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NLM Director’s Comments Transcript
Type 1 Diabetes Reduces Life Expectancy: 03/02/2015
Greetings from the National Library of Medicine and MedlinePlus.gov
Regards to all our listeners!
I'm Rob Logan, Ph.D. senior staff U.S. National Library of Medicine for Donald Lindberg, M.D, the Director of the U.S. National Library of Medicine.
The comparative life expectancy of men and women with Type 1 diabetes is more than a decade less than adults without the disease, finds a comprehensive study from Scotland recently published in the Journal of the American Medical Association.
The prospective cohort study, from the Scottish Diabetes Research Network, found men and women with Type 1 diabetes live 11 and 13 years less respectively than their peers without diabetes.
More specifically, the comparative study of Scottish adults with Type 1 diabetes, finds men with diabetes live for about 46 years after their 20th birthday, while men without diabetes live for about 57 years after age 20. About 47 percent of men with Type 1 diabetes live to age 70 compared to 76 percent of men without the condition.
Women with diabetes live for about 48 years after their 20th birthday, while women without diabetes live for about 61 years after age 20. About 55 percent of women with Type 1 diabetes live to age 70 compared to 83 percent of women without the condition.
The study’s 18 authors compared 25,000 Scottish adults with Type 1 diabetes (who were culled from a comprehensive national health registry) with general population health statistics.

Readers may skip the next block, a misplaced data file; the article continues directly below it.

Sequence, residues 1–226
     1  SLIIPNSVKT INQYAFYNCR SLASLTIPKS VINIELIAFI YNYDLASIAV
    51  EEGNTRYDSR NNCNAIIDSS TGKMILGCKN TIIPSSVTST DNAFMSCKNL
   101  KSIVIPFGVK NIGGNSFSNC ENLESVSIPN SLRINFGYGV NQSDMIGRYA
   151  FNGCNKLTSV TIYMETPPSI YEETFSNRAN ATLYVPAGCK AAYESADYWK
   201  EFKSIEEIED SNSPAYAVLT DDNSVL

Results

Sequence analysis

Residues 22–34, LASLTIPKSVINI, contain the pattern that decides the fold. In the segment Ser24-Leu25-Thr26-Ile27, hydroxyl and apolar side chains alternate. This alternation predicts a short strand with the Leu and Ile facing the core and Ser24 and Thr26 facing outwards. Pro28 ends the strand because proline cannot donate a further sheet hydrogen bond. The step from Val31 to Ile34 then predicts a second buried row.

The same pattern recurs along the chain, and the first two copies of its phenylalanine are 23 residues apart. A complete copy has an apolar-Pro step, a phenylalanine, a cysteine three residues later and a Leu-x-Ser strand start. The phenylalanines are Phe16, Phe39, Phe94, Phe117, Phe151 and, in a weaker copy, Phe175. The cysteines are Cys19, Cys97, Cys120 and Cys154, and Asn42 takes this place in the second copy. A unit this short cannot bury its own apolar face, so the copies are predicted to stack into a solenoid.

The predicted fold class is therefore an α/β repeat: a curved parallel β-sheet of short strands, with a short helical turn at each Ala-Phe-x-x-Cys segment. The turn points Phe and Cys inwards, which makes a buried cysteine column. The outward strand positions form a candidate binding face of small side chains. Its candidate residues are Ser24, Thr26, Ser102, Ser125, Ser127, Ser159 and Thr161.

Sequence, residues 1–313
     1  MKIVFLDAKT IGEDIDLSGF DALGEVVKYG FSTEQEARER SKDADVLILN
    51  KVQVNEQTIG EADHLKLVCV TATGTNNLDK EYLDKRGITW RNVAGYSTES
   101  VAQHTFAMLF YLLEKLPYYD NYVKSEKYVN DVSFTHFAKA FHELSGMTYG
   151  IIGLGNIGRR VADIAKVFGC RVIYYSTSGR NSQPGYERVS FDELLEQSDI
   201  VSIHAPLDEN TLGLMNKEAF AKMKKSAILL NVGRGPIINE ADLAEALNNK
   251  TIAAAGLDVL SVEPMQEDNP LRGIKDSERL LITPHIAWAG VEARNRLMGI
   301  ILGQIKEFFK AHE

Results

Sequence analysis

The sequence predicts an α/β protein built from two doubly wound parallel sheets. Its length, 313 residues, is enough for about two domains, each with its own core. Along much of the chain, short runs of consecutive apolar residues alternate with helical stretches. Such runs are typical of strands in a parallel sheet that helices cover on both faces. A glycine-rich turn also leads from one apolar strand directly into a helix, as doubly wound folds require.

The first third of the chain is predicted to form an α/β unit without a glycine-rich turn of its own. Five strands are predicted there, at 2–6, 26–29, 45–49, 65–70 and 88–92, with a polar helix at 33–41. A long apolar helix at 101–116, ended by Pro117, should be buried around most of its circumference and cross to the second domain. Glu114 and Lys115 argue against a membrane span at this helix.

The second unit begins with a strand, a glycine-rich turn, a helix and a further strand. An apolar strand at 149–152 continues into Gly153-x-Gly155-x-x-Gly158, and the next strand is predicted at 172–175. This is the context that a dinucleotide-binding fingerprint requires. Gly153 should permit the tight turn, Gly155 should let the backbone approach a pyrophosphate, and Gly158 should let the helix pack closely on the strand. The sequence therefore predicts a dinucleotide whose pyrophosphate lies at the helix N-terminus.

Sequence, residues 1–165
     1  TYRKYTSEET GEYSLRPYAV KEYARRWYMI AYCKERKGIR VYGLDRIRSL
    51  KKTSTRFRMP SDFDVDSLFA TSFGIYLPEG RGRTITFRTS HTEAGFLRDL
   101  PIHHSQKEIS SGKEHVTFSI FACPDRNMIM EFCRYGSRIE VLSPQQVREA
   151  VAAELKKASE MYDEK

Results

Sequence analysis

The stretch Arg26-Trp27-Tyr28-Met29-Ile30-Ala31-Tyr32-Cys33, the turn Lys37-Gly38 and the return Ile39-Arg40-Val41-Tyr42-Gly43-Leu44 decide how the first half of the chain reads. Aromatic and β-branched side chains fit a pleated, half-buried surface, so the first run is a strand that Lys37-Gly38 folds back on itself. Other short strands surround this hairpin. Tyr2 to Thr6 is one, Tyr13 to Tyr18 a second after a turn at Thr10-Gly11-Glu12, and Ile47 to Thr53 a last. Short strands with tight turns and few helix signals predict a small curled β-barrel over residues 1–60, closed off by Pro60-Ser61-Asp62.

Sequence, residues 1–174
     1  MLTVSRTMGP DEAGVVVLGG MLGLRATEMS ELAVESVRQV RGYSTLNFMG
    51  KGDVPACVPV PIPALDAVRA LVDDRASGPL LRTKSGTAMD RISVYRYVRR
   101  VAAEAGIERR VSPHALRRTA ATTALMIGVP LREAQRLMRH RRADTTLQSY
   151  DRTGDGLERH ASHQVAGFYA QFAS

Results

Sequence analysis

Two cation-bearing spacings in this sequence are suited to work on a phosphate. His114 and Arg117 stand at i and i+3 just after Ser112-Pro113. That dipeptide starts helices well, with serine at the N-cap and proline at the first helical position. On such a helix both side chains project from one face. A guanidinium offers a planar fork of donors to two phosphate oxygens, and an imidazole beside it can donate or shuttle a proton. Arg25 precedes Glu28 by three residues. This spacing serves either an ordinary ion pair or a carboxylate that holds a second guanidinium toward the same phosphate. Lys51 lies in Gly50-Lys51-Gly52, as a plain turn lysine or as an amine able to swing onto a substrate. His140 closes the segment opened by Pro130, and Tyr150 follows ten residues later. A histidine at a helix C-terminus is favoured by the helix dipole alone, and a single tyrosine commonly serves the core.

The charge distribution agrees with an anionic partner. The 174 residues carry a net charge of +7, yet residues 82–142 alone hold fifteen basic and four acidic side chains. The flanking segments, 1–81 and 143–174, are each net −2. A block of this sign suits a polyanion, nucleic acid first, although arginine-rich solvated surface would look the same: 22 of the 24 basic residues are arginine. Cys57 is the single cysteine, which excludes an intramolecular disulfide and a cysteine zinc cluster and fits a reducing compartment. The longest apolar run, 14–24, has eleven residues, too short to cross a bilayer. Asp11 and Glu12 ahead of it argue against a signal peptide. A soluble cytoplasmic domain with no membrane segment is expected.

In one of the study’s other sobering findings, the authors found Type 1 diabetics before age 50 may die from conditions caused by complications in managing diabetes, such as a diabetic coma (caused by critically low blood sugar) and ketoacidosis (caused by a lack of insulin in the body).
In an editorial that accompanied the study, the editorial’s two authors note the study found premature deaths from Type 1 diabetes were primarily caused by circulatory disease, 16 percent of deaths were caused by cancer, and nine percent were from acute complications and other diabetes-related causes.
One of the Scottish study’s authors told Health Day the findings (and we quote) ‘provide a more up-to-date quantification of how much Type 1 diabetes cuts your life span now, in our contemporary era’ (end of quote).
The author also told Health Day (and we quote): ‘These conditions really reflect the day-to-day challenge that people with Type 1 diabetes continue to face, how to get the right amount of insulin delivered at the right time to deal with your blood sugar levels’ (end of quote).
Meanwhile, there are a number of resources to assist persons with Type 1 diabetes on MedlinePlus.gov’s Diabetes Type 1 health topic page. Some basic questions about Type 1 diabetes are addressed in a website from the Mayo Foundation for Medical Education and Research, which is found in the ‘start here’ section of MedlinePlus.gov’s Diabetes Type 1 health page.
Information that goes beyond the basics (from UpToDate) is available in the ‘overviews’ section of MedlinePlus.gov’s Diabetes Type 1 health page.
The American Diabetes Association also provides a helpful website on living with Type 1 diabetes, which can be found in the ‘coping’ section of MedlinePlus.gov’s Diabetes Type 1 health page.
MedlinePlus.gov’s Diabetes Type 1 health topic page additionally provides links to the latest pertinent journal research articles, which are available in the ‘journal articles’ section. Links to clinical trials that may be occurring in your area are available in the ‘clinical trials’ section. You can sign up to receive updates about Type 1 diabetes as they become available on MedlinePlus.gov.
To find MedlinePlus.gov’s Diabetes Type 1 health page type ‘Type 1 diabetes’ in the search box on MedlinePlus.gov’s home page, then, click on ‘Diabetes Type 1 (National Library of Medicine).’ MedlinePlus.gov also contains health topic pages on: diabetes, blood sugar, diabetes in children and teens, diabetes Type 2, and diabetic diet.
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